By Tuvan Gumrukcu and Orhan Coskun
ANKARA (Reuters) – Ten days after it annulled Turkey’s most dramatic election upset in years, the country’s electoral authority faces a barrage of questions from opposition parties who say there was no legal basis to cancel the vote.
The High Election Board said irregularities affected the outcome of the March 31 mayoral election in Istanbul, when the main opposition Republican People’s Party (CHP) narrowly defeated President Tayyip Erdogan’s AK Party (AKP).
It ruled that the vote in Turkey’s largest city and commercial hub, the biggest prize in the nationwide local elections, be re-run next month because some polling officials were not civil servants, as required by voting regulations.
The decision to reverse Erdogan’s rare election setback was described by Turkey’s Western allies as incomprehensible. Critics said one of the last checks on his ever-tighter hold on power had suffered a damaging blow.
“The most fundamental value of our political tradition is that the last word belongs to the national will, which is manifested in the ballot box,” Erdogan’s erstwhile ally Ahmet Davutoglu, a former AKP prime minister, said last week.
“The annulment decision has opened the way to damaging these fundamental values of ours.”
Erdogan has ruled Turkey since 2003, first as prime minister and then as president, winning more than a dozen elections.
He remains Turkey’s dominant politician, but economic recession and a slump in the lira have eroded support for his Islamist-rooted AKP. The CHP argues that by refusing to accept any loss of power, he is dragging Turkey deeper into authoritarianism with the help of increasingly co-opted institutions such as the High Election Board (YSK).
“A game where those who come with elections don’t leave with elections was approved by a gang influencing the YSK,” CHP spokesman Faik Oztrak said last week. “A coup was carried out on the ballots, which are the last bastion of democracy.”
Erdogan’s party says it provided concrete evidence of wrongdoing in the electoral process and the election board acted solely on the information available. “The power of the ruling party was never used on the YSK,” an AKP official told Reuters.
The AKP described the irregularities in the mayoral vote as “organised crime” which affected the outcome. The AKP has said the re-run of the mayoral election was aimed at ensuring the public will was reflected in the ballot.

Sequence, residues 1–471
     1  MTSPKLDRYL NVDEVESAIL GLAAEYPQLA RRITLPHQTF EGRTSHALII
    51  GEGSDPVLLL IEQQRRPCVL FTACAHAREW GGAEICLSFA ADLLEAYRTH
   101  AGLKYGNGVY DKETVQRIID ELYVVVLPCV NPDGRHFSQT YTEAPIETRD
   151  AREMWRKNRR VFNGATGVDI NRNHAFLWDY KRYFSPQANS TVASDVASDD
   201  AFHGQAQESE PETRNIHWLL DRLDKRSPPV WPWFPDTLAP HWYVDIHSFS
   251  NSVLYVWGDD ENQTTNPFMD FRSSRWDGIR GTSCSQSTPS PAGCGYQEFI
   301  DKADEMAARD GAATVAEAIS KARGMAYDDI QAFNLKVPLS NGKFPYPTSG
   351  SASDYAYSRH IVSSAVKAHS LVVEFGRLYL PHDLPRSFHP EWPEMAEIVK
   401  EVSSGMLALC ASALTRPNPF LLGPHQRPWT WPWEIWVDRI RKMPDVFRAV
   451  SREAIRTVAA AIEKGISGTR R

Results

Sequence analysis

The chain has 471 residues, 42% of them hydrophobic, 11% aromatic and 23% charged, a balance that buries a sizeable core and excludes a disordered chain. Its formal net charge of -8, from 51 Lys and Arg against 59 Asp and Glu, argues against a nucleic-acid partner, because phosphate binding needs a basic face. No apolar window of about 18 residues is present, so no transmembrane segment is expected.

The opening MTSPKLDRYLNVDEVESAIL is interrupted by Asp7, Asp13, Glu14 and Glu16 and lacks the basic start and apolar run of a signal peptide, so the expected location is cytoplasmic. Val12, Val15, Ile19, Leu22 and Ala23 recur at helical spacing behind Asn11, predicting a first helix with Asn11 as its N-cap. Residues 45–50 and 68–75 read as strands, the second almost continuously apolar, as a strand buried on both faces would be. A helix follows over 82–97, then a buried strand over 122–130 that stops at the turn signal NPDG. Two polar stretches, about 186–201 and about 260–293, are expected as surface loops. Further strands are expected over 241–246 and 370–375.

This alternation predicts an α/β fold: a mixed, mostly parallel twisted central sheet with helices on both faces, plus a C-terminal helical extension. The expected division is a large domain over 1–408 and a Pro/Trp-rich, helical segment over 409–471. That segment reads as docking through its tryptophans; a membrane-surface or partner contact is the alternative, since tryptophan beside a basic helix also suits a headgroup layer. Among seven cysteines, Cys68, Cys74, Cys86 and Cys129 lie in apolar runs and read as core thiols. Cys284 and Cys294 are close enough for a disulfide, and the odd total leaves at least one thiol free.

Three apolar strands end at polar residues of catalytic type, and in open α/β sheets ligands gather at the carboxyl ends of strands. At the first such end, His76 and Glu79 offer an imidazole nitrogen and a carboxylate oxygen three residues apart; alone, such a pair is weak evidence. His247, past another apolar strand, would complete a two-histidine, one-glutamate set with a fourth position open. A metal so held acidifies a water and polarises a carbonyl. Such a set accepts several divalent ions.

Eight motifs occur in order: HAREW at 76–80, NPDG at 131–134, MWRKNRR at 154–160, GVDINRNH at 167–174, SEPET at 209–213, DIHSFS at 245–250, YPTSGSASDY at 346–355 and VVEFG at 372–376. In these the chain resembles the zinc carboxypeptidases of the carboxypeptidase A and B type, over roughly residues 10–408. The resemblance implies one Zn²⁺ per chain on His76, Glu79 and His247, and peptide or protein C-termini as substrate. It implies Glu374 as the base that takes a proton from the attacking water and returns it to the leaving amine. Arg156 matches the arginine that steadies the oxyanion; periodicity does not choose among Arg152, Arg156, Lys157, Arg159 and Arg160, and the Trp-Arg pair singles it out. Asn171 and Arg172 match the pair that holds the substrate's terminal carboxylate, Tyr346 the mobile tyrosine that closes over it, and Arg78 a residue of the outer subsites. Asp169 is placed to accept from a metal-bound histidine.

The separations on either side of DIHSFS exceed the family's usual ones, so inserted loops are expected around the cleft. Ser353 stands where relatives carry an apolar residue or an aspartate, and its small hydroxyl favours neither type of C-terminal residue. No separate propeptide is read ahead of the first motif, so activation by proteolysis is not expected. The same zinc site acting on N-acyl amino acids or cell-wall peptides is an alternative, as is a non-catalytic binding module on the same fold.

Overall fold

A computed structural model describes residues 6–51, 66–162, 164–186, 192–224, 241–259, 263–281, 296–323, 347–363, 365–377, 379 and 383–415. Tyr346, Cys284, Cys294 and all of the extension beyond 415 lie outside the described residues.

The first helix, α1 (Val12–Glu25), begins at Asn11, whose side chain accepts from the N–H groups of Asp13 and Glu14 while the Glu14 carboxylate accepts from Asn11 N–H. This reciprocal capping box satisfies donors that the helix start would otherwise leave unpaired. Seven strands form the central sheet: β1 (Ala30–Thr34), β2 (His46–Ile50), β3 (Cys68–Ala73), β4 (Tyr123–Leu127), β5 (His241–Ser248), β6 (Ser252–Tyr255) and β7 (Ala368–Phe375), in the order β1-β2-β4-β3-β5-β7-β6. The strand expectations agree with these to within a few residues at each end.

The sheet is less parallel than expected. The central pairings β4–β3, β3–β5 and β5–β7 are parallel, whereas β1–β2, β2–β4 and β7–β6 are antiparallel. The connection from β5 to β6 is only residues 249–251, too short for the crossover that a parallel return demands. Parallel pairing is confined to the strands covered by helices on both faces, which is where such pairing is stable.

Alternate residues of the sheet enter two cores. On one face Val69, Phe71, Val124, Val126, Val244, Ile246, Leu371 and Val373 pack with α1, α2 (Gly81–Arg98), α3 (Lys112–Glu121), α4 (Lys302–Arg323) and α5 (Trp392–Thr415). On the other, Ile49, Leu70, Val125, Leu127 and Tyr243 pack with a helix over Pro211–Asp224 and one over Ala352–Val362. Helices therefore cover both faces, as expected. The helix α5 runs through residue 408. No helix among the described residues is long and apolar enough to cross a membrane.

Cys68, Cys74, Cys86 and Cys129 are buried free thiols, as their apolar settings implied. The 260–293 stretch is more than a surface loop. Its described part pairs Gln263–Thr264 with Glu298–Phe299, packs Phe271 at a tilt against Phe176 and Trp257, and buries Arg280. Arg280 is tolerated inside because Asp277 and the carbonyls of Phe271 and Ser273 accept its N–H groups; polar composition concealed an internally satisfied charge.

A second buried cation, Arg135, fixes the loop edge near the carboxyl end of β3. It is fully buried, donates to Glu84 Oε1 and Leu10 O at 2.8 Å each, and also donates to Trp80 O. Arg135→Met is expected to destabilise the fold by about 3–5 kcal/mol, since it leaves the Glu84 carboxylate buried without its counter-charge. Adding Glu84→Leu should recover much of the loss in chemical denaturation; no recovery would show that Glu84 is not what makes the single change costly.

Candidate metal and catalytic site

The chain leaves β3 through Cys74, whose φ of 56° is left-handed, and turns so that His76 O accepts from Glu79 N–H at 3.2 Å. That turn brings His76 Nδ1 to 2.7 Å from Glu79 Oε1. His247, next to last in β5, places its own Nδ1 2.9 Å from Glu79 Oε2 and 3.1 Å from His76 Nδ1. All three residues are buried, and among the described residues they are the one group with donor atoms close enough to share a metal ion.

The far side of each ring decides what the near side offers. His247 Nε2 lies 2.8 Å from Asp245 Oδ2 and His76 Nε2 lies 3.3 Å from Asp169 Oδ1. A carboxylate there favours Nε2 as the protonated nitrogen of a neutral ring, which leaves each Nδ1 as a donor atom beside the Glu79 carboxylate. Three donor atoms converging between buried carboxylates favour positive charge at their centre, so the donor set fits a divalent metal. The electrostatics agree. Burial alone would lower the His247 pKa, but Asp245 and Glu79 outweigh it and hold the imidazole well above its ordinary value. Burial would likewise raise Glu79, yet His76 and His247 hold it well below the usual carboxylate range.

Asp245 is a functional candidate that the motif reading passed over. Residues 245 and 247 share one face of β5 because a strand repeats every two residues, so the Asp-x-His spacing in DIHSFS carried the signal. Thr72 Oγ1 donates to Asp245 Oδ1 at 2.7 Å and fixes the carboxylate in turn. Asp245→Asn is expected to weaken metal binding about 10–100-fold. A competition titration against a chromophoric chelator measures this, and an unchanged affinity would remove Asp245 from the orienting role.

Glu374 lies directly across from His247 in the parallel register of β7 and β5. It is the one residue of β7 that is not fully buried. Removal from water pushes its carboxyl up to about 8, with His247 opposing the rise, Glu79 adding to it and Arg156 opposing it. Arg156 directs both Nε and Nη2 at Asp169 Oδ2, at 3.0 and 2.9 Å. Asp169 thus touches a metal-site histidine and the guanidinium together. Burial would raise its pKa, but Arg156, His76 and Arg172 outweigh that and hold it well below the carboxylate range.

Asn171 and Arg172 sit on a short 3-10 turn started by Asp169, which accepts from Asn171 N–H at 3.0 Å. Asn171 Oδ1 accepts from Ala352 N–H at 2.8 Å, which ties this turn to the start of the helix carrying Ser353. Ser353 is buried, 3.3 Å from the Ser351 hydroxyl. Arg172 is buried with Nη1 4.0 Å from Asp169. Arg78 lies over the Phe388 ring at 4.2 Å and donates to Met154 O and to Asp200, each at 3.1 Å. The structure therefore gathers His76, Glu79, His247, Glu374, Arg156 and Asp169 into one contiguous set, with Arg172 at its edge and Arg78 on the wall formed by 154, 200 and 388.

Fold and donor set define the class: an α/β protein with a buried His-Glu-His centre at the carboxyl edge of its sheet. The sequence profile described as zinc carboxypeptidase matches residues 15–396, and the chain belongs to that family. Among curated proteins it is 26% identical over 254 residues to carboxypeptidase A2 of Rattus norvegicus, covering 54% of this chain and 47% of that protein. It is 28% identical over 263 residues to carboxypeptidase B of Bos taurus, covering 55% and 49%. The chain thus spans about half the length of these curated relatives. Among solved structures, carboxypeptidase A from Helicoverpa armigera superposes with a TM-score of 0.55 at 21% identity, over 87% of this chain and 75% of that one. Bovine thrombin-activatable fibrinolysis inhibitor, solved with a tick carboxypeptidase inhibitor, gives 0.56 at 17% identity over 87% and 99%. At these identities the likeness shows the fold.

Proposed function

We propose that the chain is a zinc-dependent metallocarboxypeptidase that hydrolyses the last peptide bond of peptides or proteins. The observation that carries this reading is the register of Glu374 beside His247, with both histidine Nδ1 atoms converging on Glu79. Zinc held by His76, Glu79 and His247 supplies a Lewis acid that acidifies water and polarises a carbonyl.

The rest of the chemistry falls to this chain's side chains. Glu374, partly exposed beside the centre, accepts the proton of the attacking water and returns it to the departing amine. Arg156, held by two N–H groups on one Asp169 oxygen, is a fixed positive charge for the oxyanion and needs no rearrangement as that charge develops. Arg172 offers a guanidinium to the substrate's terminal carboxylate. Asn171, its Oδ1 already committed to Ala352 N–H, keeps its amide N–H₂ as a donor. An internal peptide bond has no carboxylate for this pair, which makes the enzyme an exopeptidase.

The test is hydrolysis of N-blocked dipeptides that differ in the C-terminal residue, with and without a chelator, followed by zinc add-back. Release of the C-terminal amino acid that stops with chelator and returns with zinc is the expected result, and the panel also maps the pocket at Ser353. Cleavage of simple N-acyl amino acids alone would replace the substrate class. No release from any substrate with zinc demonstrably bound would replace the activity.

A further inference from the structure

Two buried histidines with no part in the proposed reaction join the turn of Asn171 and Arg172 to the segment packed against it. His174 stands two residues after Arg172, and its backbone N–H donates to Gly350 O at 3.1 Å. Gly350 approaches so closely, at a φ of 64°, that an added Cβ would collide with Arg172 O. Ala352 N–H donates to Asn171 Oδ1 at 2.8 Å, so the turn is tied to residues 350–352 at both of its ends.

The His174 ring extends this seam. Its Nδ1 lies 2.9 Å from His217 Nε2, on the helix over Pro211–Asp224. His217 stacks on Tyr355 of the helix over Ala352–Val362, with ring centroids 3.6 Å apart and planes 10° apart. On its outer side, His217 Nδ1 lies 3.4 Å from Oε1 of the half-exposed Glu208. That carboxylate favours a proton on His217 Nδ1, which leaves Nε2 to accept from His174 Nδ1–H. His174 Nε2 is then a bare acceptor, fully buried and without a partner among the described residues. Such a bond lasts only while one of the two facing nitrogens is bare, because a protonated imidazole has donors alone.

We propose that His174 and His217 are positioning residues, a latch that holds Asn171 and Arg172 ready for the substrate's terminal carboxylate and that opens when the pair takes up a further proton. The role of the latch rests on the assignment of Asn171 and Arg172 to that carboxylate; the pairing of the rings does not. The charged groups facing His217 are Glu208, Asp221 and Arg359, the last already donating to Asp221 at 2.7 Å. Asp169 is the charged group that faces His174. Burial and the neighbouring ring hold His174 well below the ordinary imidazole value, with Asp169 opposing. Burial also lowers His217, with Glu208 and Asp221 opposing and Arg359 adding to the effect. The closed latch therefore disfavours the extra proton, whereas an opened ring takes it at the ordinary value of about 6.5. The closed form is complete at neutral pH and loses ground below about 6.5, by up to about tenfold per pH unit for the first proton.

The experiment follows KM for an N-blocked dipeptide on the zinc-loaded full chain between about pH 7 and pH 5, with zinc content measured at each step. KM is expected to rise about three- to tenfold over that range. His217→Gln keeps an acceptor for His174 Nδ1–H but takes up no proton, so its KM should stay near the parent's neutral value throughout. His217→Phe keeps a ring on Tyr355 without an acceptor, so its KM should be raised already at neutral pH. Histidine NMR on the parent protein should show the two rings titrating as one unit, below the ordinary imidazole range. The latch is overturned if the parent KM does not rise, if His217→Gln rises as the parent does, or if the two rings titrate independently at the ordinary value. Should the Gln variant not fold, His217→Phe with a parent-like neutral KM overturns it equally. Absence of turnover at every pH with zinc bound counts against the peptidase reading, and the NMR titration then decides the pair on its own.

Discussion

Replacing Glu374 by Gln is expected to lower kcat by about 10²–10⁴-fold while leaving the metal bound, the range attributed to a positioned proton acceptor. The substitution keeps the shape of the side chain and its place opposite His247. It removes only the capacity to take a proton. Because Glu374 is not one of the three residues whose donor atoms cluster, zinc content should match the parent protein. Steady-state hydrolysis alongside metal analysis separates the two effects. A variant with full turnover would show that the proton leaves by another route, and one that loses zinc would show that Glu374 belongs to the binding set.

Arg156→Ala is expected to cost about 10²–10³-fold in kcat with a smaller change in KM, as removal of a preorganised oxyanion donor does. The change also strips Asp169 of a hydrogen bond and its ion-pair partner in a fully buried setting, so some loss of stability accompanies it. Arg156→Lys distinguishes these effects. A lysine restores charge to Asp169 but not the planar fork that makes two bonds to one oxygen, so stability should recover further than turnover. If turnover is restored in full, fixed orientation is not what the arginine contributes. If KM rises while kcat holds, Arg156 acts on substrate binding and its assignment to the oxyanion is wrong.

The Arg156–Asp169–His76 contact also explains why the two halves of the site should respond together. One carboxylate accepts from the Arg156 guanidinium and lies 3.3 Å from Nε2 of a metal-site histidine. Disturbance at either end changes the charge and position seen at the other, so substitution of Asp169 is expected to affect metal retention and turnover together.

The YSK decision was passed by a 7-4 majority. Its 11 members, all judges, are chosen by Turkey’s two highest courts whose members are selected by a judicial council appointed partly by parliament and partly by the president.
The election board has yet to publish a detailed explanation for its decision. “When the reasoning is finished, we’ll share it,” YSK head Sadi Guven, who was part of the dissenting minority, told reporters on Wednesday.
In a May 6 statement, it said the ruling was based on the fact that some polling stations in Istanbul were “formed illegally by the district electoral board, and this issue impacted the results of the elections”.
A day after the announcement, a Turkish lawyers group said the irregularities cited in the YSK ruling should have been challenged before the vote, when they were apparent.
The Union of Turkish Bar Associations said the YSK had also failed to explain how those violations had changed the result of the election, and the ruling contradicted several previous YSK decisions.
Two years ago the YSK angered Erdogan’s opponents when it ruled, in the midst of voting on a tightly fought referendum to grant the president sweeping executive powers, that unstamped ballot papers would be accepted – a decision which the bar associations said lifted a safeguard against voter fraud.
Aylin Ozgul Kirmizioglu, one of the four party representatives who are allowed to observe YSK meetings, said she was stunned to hear one of the judges first support cancelling and re-running the election.
“When I heard the first annulment vote, I had the shock of my life,” Kirmizioglu, from the opposition Iyi (Good) Party which was allied to the CHP, said. “I was truly very surprised and we, as the representatives, all looked at each other to see if we had heard right.”
Kirmizioglu said it was illogical for the YSK to rule the mayoral election invalid when three other votes for local councils and administrators submitted in the same envelopes at the same polling stations on the same day were deemed valid.
The AKP argued it was reasonable to focus on the mayoral election because the victory margin – 13,000 votes in a turnout of nearly 9 million – was so thin.
Kirmizioglu said: “It’s very wrong to expect the public to understand this, since even we as lawyers don’t get it.
“If a legal rule is against logic, then it’s not legal”.
(Editing by Dominic Evans and Janet Lawrence)